White House Still Hopeful for Medicare Giveback Deal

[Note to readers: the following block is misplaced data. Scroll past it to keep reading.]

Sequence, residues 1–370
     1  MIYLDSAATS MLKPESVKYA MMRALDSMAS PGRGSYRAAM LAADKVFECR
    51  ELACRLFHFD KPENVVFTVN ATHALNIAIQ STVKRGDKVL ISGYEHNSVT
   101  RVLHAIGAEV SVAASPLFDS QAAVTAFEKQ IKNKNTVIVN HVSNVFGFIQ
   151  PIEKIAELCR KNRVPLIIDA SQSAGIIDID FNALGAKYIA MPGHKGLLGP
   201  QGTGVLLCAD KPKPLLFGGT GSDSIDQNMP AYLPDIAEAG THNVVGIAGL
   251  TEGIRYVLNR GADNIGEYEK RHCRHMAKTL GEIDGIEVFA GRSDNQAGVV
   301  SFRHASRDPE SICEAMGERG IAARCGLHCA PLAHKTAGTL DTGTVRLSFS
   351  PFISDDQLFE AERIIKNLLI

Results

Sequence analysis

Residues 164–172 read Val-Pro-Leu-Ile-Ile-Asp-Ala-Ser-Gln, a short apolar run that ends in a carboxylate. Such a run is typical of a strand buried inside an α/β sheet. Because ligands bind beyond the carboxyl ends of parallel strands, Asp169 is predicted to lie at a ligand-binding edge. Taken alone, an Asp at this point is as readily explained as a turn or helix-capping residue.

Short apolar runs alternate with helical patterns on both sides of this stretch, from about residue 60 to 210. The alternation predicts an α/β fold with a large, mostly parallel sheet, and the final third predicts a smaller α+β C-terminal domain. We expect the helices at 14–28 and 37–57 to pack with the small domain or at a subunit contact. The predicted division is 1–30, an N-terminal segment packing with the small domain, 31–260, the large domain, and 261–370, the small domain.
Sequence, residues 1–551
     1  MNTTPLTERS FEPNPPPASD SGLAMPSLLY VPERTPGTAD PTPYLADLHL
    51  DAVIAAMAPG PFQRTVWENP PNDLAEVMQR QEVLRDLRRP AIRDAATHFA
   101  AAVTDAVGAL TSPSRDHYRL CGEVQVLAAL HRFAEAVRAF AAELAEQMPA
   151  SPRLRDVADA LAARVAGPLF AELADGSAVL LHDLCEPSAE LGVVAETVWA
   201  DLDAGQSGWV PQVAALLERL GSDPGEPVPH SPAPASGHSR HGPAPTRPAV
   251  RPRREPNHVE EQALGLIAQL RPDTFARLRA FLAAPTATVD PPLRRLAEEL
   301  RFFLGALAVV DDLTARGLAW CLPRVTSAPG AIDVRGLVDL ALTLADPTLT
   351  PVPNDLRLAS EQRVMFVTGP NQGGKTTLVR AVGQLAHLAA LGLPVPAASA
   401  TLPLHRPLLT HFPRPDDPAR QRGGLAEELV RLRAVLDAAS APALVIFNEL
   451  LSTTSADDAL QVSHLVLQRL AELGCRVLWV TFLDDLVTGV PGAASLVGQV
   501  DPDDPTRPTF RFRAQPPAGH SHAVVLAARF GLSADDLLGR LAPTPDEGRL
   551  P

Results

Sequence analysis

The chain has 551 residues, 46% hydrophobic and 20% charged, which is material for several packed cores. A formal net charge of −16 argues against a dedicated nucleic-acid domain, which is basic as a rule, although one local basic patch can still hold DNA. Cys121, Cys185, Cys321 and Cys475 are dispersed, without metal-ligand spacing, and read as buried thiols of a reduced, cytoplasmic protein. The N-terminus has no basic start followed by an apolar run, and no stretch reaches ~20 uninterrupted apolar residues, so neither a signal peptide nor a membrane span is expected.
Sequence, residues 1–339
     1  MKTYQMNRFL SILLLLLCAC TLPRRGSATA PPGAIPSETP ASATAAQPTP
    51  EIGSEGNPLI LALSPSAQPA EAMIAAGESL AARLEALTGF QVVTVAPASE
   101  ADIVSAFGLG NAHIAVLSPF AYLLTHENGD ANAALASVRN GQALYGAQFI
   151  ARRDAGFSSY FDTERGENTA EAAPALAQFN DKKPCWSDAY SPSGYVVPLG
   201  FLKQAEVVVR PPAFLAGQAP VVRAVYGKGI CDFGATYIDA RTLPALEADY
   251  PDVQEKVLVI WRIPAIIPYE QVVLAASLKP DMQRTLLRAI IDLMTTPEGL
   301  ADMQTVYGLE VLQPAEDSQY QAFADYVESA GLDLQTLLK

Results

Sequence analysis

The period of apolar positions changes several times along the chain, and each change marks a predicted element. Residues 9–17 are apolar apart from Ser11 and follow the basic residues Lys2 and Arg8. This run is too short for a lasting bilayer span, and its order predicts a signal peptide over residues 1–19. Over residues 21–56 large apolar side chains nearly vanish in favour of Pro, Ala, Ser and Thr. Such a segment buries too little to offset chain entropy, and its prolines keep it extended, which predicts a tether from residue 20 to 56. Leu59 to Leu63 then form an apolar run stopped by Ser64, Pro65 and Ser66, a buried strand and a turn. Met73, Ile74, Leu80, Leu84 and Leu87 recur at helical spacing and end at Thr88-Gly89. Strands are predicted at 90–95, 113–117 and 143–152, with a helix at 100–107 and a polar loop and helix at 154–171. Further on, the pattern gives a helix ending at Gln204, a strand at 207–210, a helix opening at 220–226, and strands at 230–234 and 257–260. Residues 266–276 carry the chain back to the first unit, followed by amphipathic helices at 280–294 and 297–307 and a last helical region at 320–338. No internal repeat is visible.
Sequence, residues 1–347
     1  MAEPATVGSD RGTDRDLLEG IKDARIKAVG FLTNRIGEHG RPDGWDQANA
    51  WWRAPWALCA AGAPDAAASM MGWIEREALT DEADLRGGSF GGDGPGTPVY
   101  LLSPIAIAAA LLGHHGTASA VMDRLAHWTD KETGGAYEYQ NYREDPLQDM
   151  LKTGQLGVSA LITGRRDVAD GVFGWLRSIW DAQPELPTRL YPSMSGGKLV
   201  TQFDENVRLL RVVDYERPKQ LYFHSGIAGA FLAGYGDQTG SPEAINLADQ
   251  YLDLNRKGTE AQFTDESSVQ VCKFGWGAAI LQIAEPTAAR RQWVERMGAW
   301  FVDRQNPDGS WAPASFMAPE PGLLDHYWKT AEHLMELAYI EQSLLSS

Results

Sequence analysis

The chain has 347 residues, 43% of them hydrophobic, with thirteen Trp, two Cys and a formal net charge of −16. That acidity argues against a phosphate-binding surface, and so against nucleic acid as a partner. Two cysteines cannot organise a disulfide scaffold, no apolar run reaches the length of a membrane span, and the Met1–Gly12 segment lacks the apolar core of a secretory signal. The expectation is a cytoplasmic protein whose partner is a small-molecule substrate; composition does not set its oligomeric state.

The White House is "still determined to press for deals" on legislation to restore Medicare funding cut by the 1997 Balanced Budget Act when Congress returns next week, though the administration's main focus will likely be on the outstanding FY 2001 appropriations bills, CongressDaily reports. One "top White House official" said White House aides hold "somewhat higher hopes for the 'givebacks'" than for an outstanding tax cut/minimum wage package, calling the Medicare bill a "real priority" for both the administration and Congress. But CongressDaily reports that the administration considers the last four appropriations bills to be the "best opportunity for deals," as most of the measures' provisions were agreed to before the election. The Medicare givebacks will be "a little tougher...to work through," White House Press Secretary Jake Siewert said, though he added that the administration is "certainly willing to work with Congress" to pass the giveback legislation (Koffler/Caruso, CongressDaily, 11/29). President Clinton has previously said the Medicare legislation, in its current form, gives too much money to HMOs and not enough to providers (Kaiser Daily Health Policy Report, 11/15).This is part of the KHN Morning Briefing, a summary of health policy coverage from major news organizations. Sign up for an email subscription.